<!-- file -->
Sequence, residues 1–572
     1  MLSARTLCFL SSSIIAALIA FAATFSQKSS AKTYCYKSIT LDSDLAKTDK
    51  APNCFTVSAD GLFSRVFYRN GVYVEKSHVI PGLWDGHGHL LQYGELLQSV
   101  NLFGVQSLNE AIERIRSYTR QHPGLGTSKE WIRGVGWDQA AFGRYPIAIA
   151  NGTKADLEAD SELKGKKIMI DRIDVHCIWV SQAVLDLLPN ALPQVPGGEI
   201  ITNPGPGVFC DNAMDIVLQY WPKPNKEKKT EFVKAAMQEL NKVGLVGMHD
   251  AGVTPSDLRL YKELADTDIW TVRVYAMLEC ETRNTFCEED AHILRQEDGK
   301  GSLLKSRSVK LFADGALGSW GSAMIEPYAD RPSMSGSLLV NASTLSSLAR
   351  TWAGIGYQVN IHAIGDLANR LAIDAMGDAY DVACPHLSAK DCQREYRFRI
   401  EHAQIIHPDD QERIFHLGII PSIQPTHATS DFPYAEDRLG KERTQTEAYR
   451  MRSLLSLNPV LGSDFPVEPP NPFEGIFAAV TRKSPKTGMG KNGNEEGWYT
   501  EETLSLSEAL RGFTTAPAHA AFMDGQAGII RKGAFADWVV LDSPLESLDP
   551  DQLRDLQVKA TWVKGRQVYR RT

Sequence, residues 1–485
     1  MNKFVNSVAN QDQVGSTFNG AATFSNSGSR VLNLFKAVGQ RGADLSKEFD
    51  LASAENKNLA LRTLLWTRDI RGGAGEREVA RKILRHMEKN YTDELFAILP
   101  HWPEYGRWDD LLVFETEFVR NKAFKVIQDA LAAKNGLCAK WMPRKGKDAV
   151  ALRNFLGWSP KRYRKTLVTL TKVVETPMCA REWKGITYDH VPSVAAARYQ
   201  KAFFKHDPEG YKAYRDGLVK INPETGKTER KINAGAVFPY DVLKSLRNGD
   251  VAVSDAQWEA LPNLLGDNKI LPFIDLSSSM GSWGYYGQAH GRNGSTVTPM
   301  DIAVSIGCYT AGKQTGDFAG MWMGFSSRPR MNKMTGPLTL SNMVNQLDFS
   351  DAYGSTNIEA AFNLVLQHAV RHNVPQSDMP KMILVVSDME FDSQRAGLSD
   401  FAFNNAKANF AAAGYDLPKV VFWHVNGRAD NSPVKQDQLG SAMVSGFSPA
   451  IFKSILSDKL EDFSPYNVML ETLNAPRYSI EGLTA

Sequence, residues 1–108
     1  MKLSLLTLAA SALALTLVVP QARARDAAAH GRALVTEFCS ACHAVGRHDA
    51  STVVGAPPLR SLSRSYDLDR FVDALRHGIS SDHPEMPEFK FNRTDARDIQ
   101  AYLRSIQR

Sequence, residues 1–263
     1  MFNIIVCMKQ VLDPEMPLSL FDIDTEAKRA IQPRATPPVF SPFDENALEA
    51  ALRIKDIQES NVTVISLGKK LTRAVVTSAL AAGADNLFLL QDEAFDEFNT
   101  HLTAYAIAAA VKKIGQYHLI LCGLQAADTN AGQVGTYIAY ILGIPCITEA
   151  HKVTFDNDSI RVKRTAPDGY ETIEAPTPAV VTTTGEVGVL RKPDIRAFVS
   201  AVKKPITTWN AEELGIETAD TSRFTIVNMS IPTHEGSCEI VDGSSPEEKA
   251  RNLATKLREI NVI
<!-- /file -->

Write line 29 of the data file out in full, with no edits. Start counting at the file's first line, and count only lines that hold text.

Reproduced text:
Sequence, residues 1–263